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Capacity tightness a major driver for declining FTR Shipper Conditions Index

Ongoing freight transportation capacity tightness continued to drive down the most recent reading of the Shipper Conditions Index (SCI), from freight transportation consultancy FTR. By LM Staff

Ongoing freight transportation capacity tightness continued to drive down the most recent reading of the Shipper Conditions Index (SCI), which was released late last week by freight transportation consultancy FTR.

FTR describes the SCI as an indicator that sums up all market influences that affect the transport environment for shippers, with a reading above zero being favorable and a reading below zero being unfavorable and a “less-than-ideal environment for shippers.”

For September, the most recent month for which data is available, the SCI came in at -8.2, down from August’s -6.7. Citing data from, FTR pointed to underlying tightness in capacity that is steadily raising rates and some continued uptick from hurricane-impacted capacity utilization. 

And it added that pressure from the hurricane demand will abate shortly, which will somewhat improve the environment for shippers improving the SCI reading although it will stay in negative territory. But, if the economy remains strong, FTR said there is a downside risk that capacity and rates will be even more negatively impacted with a falling SCI measure.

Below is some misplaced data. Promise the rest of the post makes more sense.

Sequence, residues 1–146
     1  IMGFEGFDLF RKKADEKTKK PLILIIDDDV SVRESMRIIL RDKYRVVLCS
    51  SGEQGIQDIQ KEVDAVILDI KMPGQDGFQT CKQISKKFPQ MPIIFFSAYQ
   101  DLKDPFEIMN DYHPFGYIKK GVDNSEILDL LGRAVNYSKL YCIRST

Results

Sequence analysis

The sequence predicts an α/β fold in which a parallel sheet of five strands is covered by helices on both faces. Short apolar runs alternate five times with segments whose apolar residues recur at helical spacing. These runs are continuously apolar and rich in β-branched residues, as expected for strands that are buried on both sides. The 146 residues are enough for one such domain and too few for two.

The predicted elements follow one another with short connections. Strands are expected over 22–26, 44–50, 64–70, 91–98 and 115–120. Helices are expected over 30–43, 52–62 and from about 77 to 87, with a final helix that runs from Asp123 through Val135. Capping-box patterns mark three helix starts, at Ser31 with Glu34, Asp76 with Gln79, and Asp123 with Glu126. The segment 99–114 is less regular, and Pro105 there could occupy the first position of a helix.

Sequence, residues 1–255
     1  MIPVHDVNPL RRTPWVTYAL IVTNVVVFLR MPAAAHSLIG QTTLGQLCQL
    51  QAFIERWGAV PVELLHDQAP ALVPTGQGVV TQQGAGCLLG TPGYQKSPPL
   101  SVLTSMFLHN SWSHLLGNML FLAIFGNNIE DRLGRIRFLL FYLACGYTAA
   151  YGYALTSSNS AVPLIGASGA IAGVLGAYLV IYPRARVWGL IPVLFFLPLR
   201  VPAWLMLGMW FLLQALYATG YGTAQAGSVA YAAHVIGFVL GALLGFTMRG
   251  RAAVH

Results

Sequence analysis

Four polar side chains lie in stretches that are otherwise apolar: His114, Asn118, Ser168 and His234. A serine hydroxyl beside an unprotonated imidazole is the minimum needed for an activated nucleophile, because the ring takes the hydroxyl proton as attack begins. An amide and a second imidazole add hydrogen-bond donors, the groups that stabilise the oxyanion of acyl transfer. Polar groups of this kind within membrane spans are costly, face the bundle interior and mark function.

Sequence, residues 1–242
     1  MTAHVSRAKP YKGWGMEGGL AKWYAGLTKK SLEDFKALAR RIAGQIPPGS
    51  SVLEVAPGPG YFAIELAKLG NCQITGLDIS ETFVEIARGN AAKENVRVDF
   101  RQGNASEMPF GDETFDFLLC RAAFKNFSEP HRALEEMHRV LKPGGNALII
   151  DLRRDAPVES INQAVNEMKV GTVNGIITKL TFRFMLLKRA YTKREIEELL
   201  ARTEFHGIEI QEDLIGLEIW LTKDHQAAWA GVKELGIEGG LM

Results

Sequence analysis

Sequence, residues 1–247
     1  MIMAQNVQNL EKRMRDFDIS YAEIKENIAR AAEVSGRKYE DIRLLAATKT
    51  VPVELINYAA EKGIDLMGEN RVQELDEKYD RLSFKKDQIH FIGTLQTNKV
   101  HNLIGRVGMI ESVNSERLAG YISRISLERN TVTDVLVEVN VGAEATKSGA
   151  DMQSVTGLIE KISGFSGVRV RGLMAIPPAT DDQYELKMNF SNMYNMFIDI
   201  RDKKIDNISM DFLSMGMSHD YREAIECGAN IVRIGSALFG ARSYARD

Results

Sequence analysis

“Shipper pressure has been mounting since the middle of the summer,” said FTR Chairman and CEO Eric Starks in a statement. “The lower SCI number validates those pressures and suggests that further rate increases are on their way. We have already seen the increase in spot rates, and are recently seeing contract rates being pushed higher. This is coming from increased freight demand, while real capacity continues to tighten. Another data point that validates the tight environment is showing up in demand for new trucks as orders for equipment has surged over the last two months as fleets look to expand their fleets. Given the current market conditions we would expect to see the SCI move lower once the October data is released suggesting additional pressure on shippers.”

These comments and data match up well with previous sentiment from FTR, stating that it expects the SCI to see more downward activity over the rest of 2017 and into 2018, with spot markets continuing to head up and contract prices seeing smaller but notable increases. 

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